Deciphering patterns in the dirt
Growing up on a dairy farm, observing a potential climate solution within America’s rangelands
Dr. Jennifer Watts records carbon flux measurements to help refine a model of rangeland soil carbon.
photo by Sarah Ruiz
At age 12, Woodwell Assistant Scientist, Dr. Jennifer Watts was accustomed to black dirt—the rich, wet, crumbling, fertile stuff she dug through on her family’s hobby farm in Oregon. But after moving with her parents and siblings to a roughly 224-acre dairy farm in Minnesota, all she saw around her was light brown, dry earth.
“A lot of the farms around us were a mix of dairy farms and really intense cropping rotations of corn and soybean,” Dr. Watts says. “And I started to notice, where there was tillage, how depleted the soil looked.”
In the United States, farmland covers more than 895 million acres (an area larger than the size of India), and it has a proportionately massive footprint on the environment. Intensive agriculture pulls nutrients out of the soil and doesn’t always return them, converting natural grasslands into monocultures and releasing large amounts of stored carbon in the process.
map by Greg Fiske and Christina Shintani
But what Dr. Watts saw throughout a childhood spent tending to her family’s farm, was that changing the way agricultural land is managed can sometimes reverse those impacts. In converting their cropland to pasture, to support an organic, grass-based dairy farm, Dr. Watts and her family stumbled upon the principles of regenerative agriculture. A practice that can produce food in a way that works with the ecosystem, rather than against it, and has implications for climate mitigation as well.
“It became, for me, an unintentional transformative experiment that my family conducted on our farm,” Dr. Watts says. “By the time I graduated high school, our lands were so lush and green. It was a healthy, productive, diverse ecosystem again.”
Dr. Watts’ family farm.
photo courtesy of Jennifer Watts
Going rogue on the range
When Dr. Watts talks about her father’s idea to move to central Minnesota and start a dairy farm, she calls him a “rogue.” Originally from Alaska, he intended to work in fisheries, but had to change course after a cannery accident. Searching for something that would allow him to still spend his days outside, he settled on farming.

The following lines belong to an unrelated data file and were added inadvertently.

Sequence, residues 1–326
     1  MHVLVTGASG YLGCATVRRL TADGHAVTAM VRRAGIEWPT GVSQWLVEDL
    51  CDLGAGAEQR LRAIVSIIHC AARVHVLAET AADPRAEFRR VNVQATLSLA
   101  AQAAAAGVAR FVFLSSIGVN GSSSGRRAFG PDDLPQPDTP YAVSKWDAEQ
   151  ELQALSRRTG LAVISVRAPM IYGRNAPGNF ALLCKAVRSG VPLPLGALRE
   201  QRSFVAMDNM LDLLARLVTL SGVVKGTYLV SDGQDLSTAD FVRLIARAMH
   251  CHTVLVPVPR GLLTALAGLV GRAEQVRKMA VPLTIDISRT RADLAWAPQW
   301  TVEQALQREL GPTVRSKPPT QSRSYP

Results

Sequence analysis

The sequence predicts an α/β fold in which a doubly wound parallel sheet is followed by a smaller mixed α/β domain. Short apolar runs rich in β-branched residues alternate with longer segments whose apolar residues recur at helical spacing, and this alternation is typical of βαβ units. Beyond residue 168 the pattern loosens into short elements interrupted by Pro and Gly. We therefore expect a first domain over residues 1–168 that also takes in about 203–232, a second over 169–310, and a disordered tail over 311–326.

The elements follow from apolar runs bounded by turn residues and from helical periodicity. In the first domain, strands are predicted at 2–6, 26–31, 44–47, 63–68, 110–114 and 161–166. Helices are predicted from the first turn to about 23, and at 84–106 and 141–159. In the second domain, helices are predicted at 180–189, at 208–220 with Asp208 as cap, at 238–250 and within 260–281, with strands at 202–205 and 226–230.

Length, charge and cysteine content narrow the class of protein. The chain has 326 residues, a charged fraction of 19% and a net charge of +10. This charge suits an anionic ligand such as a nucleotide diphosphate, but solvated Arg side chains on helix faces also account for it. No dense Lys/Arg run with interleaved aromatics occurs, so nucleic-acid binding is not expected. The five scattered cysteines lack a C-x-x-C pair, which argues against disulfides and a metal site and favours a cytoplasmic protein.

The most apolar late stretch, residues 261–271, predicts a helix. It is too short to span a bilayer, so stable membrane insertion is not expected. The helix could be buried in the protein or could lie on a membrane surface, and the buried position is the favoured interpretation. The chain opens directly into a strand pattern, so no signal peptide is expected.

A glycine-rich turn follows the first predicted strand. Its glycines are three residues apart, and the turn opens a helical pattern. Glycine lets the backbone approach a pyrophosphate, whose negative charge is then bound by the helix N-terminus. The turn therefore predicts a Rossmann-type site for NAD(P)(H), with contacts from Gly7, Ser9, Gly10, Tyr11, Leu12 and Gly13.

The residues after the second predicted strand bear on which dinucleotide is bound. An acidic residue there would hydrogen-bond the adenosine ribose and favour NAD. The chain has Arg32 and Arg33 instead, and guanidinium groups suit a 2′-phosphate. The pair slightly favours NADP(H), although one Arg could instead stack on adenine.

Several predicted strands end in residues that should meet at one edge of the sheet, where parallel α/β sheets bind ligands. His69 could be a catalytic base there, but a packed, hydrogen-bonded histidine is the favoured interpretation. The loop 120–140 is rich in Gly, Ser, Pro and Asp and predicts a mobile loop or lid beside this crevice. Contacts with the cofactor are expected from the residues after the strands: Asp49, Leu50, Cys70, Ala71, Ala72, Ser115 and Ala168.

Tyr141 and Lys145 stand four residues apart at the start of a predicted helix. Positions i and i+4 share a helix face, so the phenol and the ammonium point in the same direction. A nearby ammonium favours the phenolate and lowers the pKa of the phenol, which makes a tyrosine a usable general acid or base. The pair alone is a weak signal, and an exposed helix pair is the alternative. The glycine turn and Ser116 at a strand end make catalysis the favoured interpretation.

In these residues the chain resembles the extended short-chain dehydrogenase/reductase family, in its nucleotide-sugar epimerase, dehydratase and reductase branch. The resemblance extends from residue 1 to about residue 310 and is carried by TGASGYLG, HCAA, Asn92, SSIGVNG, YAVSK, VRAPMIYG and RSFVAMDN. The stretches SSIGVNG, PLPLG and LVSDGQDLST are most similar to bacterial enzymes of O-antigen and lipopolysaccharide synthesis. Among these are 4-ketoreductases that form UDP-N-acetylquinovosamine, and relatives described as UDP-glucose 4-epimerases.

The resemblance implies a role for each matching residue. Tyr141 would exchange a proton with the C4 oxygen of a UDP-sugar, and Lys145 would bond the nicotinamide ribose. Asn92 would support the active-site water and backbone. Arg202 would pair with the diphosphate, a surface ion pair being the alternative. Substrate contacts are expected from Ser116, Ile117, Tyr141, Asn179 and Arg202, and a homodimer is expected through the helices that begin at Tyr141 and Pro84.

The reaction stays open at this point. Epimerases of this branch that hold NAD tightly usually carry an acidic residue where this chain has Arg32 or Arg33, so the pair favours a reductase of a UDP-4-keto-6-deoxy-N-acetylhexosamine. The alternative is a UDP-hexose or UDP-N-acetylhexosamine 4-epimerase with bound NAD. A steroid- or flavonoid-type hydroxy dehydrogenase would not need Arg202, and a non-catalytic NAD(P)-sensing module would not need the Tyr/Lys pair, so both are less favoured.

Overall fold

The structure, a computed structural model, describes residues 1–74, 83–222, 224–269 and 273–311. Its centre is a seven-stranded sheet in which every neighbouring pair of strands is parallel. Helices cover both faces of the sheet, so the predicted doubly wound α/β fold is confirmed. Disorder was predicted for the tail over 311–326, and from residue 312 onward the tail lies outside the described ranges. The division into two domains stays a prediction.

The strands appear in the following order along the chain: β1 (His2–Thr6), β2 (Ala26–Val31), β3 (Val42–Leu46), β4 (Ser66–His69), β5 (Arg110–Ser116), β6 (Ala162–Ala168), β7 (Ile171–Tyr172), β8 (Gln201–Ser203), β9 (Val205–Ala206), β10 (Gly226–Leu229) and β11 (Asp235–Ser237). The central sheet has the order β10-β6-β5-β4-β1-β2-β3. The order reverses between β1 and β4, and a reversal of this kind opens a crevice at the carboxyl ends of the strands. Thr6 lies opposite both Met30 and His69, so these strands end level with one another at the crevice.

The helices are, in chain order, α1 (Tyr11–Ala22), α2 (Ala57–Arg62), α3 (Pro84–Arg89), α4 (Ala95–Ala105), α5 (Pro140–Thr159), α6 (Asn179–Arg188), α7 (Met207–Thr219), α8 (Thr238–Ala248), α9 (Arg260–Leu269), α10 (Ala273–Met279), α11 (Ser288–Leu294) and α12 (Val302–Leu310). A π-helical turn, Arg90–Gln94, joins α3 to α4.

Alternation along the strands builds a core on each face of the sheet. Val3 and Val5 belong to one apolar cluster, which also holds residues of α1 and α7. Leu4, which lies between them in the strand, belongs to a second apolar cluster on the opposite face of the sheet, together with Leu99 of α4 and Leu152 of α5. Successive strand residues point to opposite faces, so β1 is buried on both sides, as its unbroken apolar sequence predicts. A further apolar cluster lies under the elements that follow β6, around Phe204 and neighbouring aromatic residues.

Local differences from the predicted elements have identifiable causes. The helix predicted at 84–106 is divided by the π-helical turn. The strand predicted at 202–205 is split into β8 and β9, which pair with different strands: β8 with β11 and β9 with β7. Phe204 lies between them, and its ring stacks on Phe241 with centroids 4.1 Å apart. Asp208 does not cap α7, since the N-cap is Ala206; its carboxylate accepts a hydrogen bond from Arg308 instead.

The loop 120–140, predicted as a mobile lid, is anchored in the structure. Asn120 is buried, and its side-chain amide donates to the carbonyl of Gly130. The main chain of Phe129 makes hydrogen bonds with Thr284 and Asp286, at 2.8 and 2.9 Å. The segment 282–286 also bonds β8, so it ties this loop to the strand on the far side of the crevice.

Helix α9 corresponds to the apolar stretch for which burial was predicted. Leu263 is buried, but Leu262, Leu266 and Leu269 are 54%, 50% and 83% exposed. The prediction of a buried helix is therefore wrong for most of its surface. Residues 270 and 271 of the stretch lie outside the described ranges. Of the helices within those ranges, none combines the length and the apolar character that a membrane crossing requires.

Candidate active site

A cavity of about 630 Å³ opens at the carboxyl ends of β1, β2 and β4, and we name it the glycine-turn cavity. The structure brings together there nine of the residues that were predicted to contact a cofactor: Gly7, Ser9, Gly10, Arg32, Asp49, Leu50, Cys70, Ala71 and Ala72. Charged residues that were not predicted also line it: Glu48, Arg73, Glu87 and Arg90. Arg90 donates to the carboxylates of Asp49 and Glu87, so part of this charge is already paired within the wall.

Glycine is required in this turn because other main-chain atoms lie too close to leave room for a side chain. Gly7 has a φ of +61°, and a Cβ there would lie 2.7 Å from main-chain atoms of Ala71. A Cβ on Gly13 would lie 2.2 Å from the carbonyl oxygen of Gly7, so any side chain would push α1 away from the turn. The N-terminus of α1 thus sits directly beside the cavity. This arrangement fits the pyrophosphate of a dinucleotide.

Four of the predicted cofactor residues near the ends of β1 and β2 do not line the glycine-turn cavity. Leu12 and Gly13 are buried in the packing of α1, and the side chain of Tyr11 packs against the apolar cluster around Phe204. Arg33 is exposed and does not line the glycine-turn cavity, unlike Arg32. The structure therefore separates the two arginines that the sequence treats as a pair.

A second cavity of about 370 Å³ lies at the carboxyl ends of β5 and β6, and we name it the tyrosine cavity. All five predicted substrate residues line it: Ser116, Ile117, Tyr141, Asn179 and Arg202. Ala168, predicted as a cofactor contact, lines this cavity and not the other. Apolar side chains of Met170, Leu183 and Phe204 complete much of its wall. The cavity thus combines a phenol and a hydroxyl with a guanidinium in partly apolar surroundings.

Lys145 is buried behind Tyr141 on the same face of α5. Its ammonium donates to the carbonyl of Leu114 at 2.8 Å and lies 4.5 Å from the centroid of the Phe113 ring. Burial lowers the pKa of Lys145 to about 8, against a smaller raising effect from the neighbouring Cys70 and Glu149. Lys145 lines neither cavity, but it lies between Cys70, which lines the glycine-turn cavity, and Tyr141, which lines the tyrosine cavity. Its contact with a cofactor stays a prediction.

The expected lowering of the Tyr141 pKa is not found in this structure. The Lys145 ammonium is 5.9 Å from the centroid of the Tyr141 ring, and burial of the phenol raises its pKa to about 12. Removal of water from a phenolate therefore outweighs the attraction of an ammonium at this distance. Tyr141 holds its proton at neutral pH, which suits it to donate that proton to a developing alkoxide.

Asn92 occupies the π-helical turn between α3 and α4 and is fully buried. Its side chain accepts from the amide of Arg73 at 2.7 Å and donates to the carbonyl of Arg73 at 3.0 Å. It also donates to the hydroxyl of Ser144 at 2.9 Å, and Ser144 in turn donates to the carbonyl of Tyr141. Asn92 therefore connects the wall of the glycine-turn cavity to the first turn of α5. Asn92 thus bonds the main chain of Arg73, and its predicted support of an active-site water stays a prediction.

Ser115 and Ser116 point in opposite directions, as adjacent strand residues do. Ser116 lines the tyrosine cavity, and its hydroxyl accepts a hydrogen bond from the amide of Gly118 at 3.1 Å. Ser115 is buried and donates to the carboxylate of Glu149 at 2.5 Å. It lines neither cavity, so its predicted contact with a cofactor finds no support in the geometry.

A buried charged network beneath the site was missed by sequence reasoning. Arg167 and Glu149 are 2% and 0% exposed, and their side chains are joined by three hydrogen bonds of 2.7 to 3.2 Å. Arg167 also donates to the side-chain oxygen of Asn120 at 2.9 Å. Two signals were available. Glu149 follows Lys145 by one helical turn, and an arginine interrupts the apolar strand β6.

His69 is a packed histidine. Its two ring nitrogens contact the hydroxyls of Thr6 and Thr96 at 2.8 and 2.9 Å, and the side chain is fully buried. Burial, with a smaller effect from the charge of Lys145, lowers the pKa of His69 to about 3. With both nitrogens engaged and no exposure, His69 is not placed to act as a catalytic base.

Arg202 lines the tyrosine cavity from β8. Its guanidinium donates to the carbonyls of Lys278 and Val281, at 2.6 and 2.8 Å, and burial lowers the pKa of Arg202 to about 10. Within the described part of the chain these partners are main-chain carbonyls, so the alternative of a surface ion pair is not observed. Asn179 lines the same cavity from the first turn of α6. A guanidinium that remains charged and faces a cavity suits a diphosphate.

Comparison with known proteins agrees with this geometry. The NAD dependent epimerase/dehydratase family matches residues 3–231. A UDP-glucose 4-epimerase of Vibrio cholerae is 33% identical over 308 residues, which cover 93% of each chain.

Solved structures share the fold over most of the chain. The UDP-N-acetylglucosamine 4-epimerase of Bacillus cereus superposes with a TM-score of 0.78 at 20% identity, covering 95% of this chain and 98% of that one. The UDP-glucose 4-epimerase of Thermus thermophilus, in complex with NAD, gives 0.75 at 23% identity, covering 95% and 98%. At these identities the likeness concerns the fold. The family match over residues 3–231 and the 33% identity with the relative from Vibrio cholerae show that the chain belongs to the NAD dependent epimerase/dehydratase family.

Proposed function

Dr. Watt’s father, John Watts, milking cows.
photo courtesy of Jennifer Watts
From the beginning, the Watts’ farming practices were considered unconventional in their rural Minnesota community. Firstly, they planted wild grasses and legumes like clover and alfalfa. Then, they left it alone. No tilling in the springtime alongside their neighbors; they simply let the plants establish themselves and moved the cattle frequently (with the help of a cow dog named Annie) to avoid overgrazing.
“After the first couple of years, I started noticing we had a lot more biological diversity in our fields, relative to our neighbors. We had a lot more bees buzzing, and butterflies, and we were popular with the deer and ducks,” Dr. Watts says. A few more years, and the soil started becoming dark and earthy-smelling again, like the soil she remembered from Oregon.
Degraded soils (left) and more productive soils (right) often differ in coloration, moisture and texture.
photos by Sarah Ruiz
What was happening on their “rogue” dairy farm, was a gradual, partial reclamation of a lost grassland ecosystem—one that used to stretch across the midwest United States and was tended by native grazing species like bison or elk. Grazing plays a major role in cycling nutrients back into the soil, building up important elements like carbon and nitrogen. The near extinction of bison and the proliferation of monoculture cropping have broken this cycle—but cows have the potential to fill the gap left by ancient grazers, re-starting that process. Simple adjustments to management techniques, like lengthening time between grazing a pasture, can give the land time to recover.
Storing carbon in the soil
This also has implications for how we combat climate change—a term Dr. Watts wasn’t familiar with until later in high school, when family trips back to Alaska revealed the glaciers she loved to visit were shrinking.
“Seeing the glaciers was our favorite thing to do with my grandma, but they were beginning to disappear. And one year, suddenly, I noticed these informational panels along the walk exiting the National Park talking about this thing called climate change,” says Dr. Watts.
Dr. Watts was also seeing another pattern emerge on the farms in her midwest community. Water was becoming a little scarcer. Many of the farms around her family’s had begun investing in irrigation—something that was previously unnecessary, and remained so for the Watts’ farm. Their rich, black soil held onto the water for longer.
A ranch hand on Valdez Ranch in Colorado lays out PVC tubes to irrigate a pasture.
photo by Sarah Ruiz